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Faith and works in the New Testament

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posted on Jul, 5 2019 @ 05:00 PM
The New Testament relationship between faith and works, or faith and obedience, has been the subject of much debate, because of the anxiety that one might seem to exclude the other.
What exactly does the New Testament God expect from his people?

I believe the answer to this question is more straightforward than people have imagined.
It is clear from every part of the New Testament that God expects faith.
It is clear from every part of the New Testament that God expects active obedience.
The key to understanding the relationship is to realise that faith comes first, in order of time.

We find it spelled out in Hebrews.
“For whoever would draw near to God must believe that he exists and that he rewards those who seek him” (Hebrews ch11 v6).
We have to appreciate that this “must” is not an arbitrary command.
It is the “must” of logical necessity.
Nobody except a man who believed these two things would even try to draw near to God or to please him. If either of those beliefs was missing, there would be no point in obedient action, and nobody would think of doing it.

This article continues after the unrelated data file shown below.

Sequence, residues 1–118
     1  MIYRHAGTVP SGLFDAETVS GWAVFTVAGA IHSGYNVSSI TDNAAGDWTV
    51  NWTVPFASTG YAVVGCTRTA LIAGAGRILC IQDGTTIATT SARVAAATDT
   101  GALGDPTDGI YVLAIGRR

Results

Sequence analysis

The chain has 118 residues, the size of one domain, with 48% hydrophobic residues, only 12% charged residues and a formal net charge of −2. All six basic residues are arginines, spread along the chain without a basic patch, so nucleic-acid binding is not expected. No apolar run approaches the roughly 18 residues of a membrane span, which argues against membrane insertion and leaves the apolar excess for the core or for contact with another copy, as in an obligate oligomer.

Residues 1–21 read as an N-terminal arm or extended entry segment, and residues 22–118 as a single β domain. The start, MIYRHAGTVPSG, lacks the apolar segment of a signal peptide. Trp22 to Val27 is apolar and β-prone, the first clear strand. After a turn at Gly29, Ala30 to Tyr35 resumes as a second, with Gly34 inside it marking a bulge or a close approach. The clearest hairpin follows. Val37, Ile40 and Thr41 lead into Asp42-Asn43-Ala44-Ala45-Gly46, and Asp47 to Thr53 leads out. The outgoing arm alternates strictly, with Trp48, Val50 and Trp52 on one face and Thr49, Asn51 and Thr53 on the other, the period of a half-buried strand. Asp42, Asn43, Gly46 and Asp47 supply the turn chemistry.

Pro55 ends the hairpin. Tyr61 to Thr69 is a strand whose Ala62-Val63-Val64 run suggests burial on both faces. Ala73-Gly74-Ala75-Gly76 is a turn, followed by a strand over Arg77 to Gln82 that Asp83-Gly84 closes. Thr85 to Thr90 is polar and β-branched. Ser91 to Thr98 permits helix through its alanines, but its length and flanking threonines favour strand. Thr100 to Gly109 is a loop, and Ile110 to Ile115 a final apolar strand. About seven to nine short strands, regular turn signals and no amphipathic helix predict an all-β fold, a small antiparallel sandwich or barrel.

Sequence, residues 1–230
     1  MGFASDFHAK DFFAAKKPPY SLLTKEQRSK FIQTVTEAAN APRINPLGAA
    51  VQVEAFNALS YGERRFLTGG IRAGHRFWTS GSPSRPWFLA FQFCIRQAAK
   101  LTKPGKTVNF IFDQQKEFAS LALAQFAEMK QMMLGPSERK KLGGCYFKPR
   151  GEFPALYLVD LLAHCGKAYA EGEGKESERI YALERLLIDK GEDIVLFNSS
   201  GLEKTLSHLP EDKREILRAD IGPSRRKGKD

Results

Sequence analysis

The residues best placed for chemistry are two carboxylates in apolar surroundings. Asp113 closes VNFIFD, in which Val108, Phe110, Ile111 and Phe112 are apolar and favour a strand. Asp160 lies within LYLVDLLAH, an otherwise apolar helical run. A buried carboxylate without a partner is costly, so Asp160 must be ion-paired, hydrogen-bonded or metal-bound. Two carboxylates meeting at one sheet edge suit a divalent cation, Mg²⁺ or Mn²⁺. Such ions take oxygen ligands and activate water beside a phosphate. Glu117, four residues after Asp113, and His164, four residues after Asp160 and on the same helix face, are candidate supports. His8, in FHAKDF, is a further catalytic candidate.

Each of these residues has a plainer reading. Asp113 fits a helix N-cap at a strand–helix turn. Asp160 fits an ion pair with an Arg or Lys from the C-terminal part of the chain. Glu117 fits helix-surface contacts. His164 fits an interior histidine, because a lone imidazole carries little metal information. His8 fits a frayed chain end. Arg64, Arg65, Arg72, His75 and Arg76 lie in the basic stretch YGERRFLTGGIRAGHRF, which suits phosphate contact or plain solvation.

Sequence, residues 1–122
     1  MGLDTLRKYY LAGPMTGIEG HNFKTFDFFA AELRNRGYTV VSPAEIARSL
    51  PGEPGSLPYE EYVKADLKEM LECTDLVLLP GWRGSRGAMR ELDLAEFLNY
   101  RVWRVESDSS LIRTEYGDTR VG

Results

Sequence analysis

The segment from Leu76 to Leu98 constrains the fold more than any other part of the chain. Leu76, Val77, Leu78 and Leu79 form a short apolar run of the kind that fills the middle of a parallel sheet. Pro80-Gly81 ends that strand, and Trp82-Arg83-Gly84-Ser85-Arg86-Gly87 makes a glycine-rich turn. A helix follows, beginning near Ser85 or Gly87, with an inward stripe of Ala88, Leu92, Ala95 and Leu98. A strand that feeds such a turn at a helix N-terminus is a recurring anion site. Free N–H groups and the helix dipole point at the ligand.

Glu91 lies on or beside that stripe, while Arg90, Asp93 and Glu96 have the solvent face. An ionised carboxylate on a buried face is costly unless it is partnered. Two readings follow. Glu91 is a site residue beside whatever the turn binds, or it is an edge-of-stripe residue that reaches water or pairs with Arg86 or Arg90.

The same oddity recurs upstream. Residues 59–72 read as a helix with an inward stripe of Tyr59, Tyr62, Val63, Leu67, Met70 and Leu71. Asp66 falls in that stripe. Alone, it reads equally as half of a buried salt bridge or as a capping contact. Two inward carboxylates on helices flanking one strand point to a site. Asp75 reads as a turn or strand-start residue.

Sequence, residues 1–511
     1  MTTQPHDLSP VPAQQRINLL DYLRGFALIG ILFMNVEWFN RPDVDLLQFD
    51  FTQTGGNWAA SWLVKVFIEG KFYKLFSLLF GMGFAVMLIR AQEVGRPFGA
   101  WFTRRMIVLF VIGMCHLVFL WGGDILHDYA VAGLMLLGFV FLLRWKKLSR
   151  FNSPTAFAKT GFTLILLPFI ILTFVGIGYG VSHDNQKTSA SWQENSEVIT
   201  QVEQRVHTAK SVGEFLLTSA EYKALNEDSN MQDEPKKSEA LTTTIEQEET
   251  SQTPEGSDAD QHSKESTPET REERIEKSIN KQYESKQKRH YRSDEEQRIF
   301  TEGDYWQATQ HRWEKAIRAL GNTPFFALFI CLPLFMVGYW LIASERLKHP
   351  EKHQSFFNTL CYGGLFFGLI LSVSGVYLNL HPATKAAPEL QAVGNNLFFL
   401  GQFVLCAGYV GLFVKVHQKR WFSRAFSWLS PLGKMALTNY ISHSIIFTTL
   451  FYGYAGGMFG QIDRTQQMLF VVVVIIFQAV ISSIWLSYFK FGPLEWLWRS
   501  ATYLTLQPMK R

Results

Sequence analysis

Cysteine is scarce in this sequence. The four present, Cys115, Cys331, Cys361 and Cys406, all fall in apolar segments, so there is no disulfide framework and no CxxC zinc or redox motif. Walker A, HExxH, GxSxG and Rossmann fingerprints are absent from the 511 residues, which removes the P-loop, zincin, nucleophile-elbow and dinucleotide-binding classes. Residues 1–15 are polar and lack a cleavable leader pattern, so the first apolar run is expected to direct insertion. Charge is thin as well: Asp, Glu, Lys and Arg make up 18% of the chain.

Therefore faith is the logical precondition of any form of action. That is why Paul speaks of the obedience that comes through faith (Romans ch1 v5).
Faith comes first in order of time.

Consider the teaching of Jesus.
Jesus demands faith, he complains about the absence of faith, he welcomes the presence of faith, and he cannot work without it.
The Sermon on the Mount provides advice about conduct, but nobody would have been listening to that advice if they had not come to trust him first; at the very least, believing in his authority as the one sent from God.
The woman who weeps at his feet is told “Your faith has saved you” (Luke ch7 v50).She is weeping with gratitude because her sins have been forgiven. She knows her sins are forgiven, because she trusts in the testimony of the man who told her so.
Jesus said; Your faith has saved you
Will the Son of Man find faith on earth?
Faith and obedient action are both needed, but faith comes first, in order of time.

Consider the teaching of Paul.
Everybody knows that Paul emphasises the importance of faith, but this is about the priority of faith.
Paul gives a lot of advice about right conduct, which ought to show that that he does not underestimate the importance of right conduct.
He does not argue against “works”, as such, but against works as a substitute for faith.
In his teaching, we establish a new relationship with God, through faith, and right conduct is the consequence of that relationship.